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Al Akam, H.; Kim, H.; Jeong, J.W. Retreatment Strategies for Calcium Silicate-Based Root Canal Sealers. Encyclopedia. Available online: (accessed on 20 April 2024).
Al Akam H, Kim H, Jeong JW. Retreatment Strategies for Calcium Silicate-Based Root Canal Sealers. Encyclopedia. Available at: Accessed April 20, 2024.
Al Akam, Hussain, Hyeon-Cheol Kim, Ji Wook Jeong. "Retreatment Strategies for Calcium Silicate-Based Root Canal Sealers" Encyclopedia, (accessed April 20, 2024).
Al Akam, H., Kim, H., & Jeong, J.W. (2024, February 28). Retreatment Strategies for Calcium Silicate-Based Root Canal Sealers. In Encyclopedia.
Al Akam, Hussain, et al. "Retreatment Strategies for Calcium Silicate-Based Root Canal Sealers." Encyclopedia. Web. 28 February, 2024.
Retreatment Strategies for Calcium Silicate-Based Root Canal Sealers

Since the introduction of calcium silicate-based materials in dentistry, calcium silicate-based root canal sealers have become popular among dentists because of their biocompatibility, bioactivity, and sealing ability. Therefore, effective retreatment strategies are indispensable.

calcium silicate-based root canal sealer retreatment solvent

1. Introduction

1.1. Calcium Silicate-Based Sealer (CSS)

A surge in the popularity of calcium silicate-based sealers (CSSs) has been noticed recently in the field of endodontics. Since iRoot SP™ (Innovative Bioceramics, Vancouver, Canada) was first introduced in 2007, many new brands of CSSs have been marketed, and more dentists are interested in using CSSs. The properties of CSSs are unique because of the setting process and their byproducts, which contribute to their popularity.

1.2. Properties of CSSs

The unique properties of CSSs include their setting process and their byproducts. CCSs are hydraulic sealers that require the presence of water for their setting. The setting process includes the reaction of the CSS with water. This reaction results in the formation of calcium hydroxide as a byproduct [1].
2(3CaO·SiO2) + 6H2O = 3CaO·2SiO2·3H2O + 3Ca(OH)2
2(2CaO·SiO2) + 4H2O = 3CaO·2SiO2·3H2O+Ca(OH)2
The set sealer produced has been found to be biocompatible and bioactive [2][3]. Hydroxyapatite, as a secondary byproduct, is deposited on the surface of the set sealer, contributing to the bioactivity of the set CSS [3]. The emanation of calcium hydroxide ions from CSSs elevates the pH, which contributes to the sealers’ antimicrobial efficacy [2][4].

1.3. Outcome of Root Canal Treatment Using CSSs

The outcomes of non-surgical initial root canal treatments and retreatments using CSSs encourages more clinicians to use CSSs for obturation. In a non-randomized clinical trial, a calcium silicate-based sealer in combination with the single-cone technique demonstrated success rates, ranging from 84% to 90%, while the epoxy resin-based sealer with a continuous wave condensation technique showed success rates from 80% to 89% [5]. In addition, a randomized clinical trial compared the success rate of a CSS with the single-cone technique and an epoxy resin-based sealer with the continuous wave condensation technique. The results showed an average success rate of 94.3% for the CSS with the single-cone technique in comparison to 92.3% for the teeth obturated with the epoxy resin-based sealer using the continuous wave condensation technique [6]. These promising results and favorable outcomes encourage and motivate clinicians to use CSSs more extensively in the practice of endodontics. The increased use of CSSs among endodontists and general practitioners has prompted the need to implement new strategies of retreatment for cases obturated with CSSs. For instance, regaining patency is a potential challenge that can occur during the removal of CSSs [7].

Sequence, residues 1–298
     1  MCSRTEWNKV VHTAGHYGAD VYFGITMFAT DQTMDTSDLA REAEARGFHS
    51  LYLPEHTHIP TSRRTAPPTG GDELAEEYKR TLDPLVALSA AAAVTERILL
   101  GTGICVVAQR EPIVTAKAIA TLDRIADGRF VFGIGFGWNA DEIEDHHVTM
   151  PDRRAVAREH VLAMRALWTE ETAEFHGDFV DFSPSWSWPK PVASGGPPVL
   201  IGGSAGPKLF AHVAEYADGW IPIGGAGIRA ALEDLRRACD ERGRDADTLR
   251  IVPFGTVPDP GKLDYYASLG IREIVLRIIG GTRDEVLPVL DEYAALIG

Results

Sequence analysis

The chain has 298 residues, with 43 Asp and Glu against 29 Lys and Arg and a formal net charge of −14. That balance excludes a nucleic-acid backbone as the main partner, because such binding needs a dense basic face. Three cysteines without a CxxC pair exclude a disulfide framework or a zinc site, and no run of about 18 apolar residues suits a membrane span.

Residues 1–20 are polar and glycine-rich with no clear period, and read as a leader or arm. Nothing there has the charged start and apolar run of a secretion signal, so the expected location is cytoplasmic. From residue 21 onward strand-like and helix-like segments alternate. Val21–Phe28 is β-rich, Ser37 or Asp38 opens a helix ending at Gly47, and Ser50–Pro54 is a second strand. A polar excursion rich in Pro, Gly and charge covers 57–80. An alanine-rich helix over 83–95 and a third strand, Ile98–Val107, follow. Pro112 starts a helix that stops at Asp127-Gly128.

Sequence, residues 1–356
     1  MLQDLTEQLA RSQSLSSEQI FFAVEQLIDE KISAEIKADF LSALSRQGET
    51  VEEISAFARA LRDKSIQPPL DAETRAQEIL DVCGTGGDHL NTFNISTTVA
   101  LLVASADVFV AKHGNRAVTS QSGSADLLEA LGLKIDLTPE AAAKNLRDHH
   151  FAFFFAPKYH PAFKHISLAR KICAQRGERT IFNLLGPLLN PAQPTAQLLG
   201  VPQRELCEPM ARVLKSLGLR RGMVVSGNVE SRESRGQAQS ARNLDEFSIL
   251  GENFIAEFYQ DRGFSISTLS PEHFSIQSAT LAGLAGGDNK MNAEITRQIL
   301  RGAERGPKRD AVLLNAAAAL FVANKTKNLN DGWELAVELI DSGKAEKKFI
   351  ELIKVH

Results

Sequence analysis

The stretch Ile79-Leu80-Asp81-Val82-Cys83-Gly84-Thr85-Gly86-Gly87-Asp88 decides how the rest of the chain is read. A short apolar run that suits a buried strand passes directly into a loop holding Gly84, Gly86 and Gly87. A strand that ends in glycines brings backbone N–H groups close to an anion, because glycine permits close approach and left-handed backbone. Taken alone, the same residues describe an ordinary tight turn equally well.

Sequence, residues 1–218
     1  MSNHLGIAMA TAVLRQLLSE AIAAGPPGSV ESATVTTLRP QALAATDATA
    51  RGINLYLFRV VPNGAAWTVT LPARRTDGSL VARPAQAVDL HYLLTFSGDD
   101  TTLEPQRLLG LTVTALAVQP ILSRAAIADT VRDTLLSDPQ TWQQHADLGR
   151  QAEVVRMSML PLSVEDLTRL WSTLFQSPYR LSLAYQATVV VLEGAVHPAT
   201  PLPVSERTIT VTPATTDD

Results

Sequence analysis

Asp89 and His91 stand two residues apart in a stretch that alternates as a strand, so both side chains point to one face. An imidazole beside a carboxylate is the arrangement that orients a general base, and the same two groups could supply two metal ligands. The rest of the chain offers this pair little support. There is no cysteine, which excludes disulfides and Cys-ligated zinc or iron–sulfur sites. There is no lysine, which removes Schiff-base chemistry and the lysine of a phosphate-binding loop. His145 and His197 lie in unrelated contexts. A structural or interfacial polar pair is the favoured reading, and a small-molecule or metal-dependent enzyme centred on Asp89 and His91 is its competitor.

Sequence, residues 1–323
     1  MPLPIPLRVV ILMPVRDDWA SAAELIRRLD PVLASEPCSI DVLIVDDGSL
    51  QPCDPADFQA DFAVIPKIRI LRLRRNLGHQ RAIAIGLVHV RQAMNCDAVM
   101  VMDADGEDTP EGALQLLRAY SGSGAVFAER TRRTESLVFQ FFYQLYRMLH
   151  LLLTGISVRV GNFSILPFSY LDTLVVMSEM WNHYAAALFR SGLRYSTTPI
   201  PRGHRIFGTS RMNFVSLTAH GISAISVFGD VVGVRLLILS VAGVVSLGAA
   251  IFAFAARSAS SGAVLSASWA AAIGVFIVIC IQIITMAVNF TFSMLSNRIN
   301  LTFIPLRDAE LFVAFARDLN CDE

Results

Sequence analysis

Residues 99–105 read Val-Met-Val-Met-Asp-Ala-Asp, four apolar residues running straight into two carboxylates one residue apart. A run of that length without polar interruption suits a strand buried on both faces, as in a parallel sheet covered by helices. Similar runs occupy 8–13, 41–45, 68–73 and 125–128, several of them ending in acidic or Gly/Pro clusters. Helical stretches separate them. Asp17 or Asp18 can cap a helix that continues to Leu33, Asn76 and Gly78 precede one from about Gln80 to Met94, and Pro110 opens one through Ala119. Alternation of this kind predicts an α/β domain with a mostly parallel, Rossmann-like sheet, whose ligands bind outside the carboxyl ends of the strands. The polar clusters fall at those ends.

2. Retreatment

2.1. Reason for Retreatment

In general, the success of endodontic treatment can be evaluated by the absence of signs and symptoms of infection or inflammation, including pain, tenderness to palpation and percussion, and the absence of any soft tissue signs of infection, such as swelling, in combination with radiographic evidence of periapical lesion healing and bone formation and regaining the mastication force and normal function of the treated teeth [8][9]. The presence of signs and/or symptoms is the main reason for retreatment. The purpose of retreatment is to eliminate the presence of persistent infection in the root canal system. Radiographic presence of periapical pathology is an important diagnostic method that has been used to evaluate healing after root canal treatments [10][11][12]. Reinfection can occur because of various factors, such as poor coronal restoration or the presence of missed root canals [13][14][15]. The presence of radiographic radiolucency before the initial endodontic treatment has been found to increase the possibility of failure and the need for retreatment as a result [16]. In addition, retreatment using modern technology has been found to be beneficial to patients’ quality of life [9].

2.2. Factors Affecting the Outcome of Retreatment